However, despite their mutual love for one another, Miranda knows she cannot give Thomas all that he needs, as he is not physically attracted to women. This secret could not only ruin his political standing and all he's worked for, but it could quite literally threaten his life. For these reasons, she keeps his secret, allows society to brand her a whore, and is not upset when James comes into the picture. Instead, she is happy Thomas has found a friend and lover, and they all become very close.

"You were told that it was shameful. And part of you believed it. Thomas was my husband. I loved him, and he loved me. But, what he shared with you...it was entirely something else. It's time you allowed yourself to accept that." -Miranda to James

"People can say what they like about you. But you're a good man. More people should say that. And someone should be willing to defend it." -James to Thomas

"When I first met you, you were so...unformed. And then I spoke and bade you cast aside your shame, and Captain Flint was born into the world...that part of you that always existed yet never were you willing to allow it into the light of day. I was mistress to you when you needed love. I was wife to you when you needed understanding. But first and before all...I was mother. I have known you like no other, so I love you like no other. [...] -Miranda to James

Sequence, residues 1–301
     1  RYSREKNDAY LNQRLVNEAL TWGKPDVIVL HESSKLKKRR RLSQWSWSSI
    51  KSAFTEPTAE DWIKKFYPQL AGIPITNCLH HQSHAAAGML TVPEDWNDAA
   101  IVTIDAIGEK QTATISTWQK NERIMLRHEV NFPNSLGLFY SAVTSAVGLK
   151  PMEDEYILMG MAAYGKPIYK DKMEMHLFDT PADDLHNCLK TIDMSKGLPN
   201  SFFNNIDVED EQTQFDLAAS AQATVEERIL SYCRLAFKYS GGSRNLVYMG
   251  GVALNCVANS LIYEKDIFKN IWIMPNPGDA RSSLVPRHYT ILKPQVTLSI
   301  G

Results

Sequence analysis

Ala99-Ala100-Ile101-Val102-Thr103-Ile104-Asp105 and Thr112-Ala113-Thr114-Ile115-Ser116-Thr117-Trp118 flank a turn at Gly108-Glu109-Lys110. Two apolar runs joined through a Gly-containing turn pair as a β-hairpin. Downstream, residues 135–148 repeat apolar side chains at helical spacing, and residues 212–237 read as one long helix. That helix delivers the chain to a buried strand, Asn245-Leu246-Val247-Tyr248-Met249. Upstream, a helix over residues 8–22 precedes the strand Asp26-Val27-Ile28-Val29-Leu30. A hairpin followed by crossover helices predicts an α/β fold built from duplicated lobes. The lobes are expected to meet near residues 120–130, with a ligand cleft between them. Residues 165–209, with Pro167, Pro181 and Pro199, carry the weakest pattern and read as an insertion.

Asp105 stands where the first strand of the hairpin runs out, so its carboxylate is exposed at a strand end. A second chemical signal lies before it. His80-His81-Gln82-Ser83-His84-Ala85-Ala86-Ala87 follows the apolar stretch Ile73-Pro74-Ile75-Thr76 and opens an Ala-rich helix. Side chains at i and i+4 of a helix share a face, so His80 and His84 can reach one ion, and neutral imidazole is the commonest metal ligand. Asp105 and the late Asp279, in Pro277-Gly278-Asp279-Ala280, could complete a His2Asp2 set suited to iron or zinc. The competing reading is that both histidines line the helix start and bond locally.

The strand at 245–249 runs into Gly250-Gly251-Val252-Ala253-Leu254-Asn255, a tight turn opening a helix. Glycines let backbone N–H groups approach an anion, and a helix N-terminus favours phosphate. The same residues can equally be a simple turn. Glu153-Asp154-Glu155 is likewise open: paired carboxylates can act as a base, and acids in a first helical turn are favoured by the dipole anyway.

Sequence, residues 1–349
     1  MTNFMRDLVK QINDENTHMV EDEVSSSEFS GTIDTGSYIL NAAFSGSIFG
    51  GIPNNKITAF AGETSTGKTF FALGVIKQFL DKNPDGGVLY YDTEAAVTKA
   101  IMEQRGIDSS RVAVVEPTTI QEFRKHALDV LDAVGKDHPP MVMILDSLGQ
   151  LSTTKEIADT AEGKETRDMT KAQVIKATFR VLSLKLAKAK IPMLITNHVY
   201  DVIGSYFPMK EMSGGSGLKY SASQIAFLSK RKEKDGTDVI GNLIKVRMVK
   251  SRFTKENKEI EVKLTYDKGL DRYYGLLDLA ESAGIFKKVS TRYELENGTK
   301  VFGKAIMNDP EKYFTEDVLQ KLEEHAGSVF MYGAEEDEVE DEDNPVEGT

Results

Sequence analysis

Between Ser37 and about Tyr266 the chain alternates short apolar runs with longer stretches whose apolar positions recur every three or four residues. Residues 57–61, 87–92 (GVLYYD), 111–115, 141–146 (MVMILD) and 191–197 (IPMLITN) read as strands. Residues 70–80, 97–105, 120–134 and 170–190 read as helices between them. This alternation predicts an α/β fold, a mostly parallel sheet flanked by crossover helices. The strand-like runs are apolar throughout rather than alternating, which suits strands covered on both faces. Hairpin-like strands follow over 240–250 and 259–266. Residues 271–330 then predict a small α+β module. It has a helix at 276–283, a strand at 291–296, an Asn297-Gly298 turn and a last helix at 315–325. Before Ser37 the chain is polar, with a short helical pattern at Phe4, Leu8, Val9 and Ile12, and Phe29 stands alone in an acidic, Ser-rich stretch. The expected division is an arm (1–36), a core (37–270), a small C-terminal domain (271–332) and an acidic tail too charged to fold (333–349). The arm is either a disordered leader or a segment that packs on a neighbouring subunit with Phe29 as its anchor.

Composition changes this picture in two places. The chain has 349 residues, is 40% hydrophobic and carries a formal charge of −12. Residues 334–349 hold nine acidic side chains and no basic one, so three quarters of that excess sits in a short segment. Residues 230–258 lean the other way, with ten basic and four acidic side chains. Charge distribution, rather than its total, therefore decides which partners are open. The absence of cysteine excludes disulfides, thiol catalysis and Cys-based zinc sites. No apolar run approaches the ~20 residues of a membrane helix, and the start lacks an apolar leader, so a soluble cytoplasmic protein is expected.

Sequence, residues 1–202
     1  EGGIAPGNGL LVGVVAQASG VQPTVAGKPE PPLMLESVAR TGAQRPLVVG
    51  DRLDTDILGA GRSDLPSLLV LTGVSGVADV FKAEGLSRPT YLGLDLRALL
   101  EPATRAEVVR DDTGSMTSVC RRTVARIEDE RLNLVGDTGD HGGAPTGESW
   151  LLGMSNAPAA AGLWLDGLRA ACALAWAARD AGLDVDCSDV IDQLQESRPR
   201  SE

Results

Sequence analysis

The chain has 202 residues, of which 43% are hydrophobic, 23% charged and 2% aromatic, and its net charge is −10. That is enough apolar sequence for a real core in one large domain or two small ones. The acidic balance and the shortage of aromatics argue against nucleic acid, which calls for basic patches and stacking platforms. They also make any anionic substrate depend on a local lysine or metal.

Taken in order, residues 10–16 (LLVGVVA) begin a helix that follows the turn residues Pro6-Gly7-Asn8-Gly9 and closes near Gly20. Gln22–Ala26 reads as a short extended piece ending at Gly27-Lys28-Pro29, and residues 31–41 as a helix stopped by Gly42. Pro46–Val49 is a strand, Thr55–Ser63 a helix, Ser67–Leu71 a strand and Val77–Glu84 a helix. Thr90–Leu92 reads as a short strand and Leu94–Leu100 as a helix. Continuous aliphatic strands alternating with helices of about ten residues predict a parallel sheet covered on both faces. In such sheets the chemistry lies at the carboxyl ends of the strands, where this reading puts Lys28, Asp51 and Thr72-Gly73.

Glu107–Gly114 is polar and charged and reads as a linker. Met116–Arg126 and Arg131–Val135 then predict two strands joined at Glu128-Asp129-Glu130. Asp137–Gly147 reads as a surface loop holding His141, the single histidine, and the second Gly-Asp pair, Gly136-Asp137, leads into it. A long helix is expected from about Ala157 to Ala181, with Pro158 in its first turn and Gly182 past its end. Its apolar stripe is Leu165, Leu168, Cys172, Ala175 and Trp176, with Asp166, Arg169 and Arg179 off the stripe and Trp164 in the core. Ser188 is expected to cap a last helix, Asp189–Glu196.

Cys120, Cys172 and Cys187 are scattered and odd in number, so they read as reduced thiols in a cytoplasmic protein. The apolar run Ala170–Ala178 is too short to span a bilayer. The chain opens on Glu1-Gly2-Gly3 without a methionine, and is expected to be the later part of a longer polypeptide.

Takeaway: All three characters love and respect each other, and work together to make sure they're all happy and fulfilled. They have a shared dream they work toward. There's no jealousy or anger . . . until Thomas is taken, then James and Miranda unleash their wrath and get vengeance for the man they love.

ELIZABETH+ DARCY + WICKHAM [Pride & Prejudice by Jane Austen]

Jane Austen has a way of playing with expectations and perception that's admired still today. One of her best examples is the love triangle between Elizabeth Bennett, Fitzwilliam Darcy, and George Wickham in Pride & Prejudice. Elizabeth and Darcy catch each others' eyes at a ball, but Darcy makes it clear he has no interest in her. Elizabeth, stung, vows to have nothing to do with him, no matter how attractive she finds him.

This proves a hard task for both of them. Darcy, despite claiming he has no interest in Elizabeth, is trying to convince himself more than anyone. He tries to keep his distance so he doesn't fall harder, but with his best friend involved with Elizabeth's sister, that becomes increasingly difficult.

Meanwhile, Elizabeth is oblivious to Darcy's struggle and goes on to see George Wickham, a soldier who seems the epitome of gentlemanliness. Darcy tries to warn Elizabeth of Wickham's true character, but she won't take the word of someone who is determined to hate her. Eventually, Wickham is revealed to be a fraud, a cheat, and a cowardly man, but by that point Elizabeth has already given up hope of seeing him again, because he ghosts her for most of the book.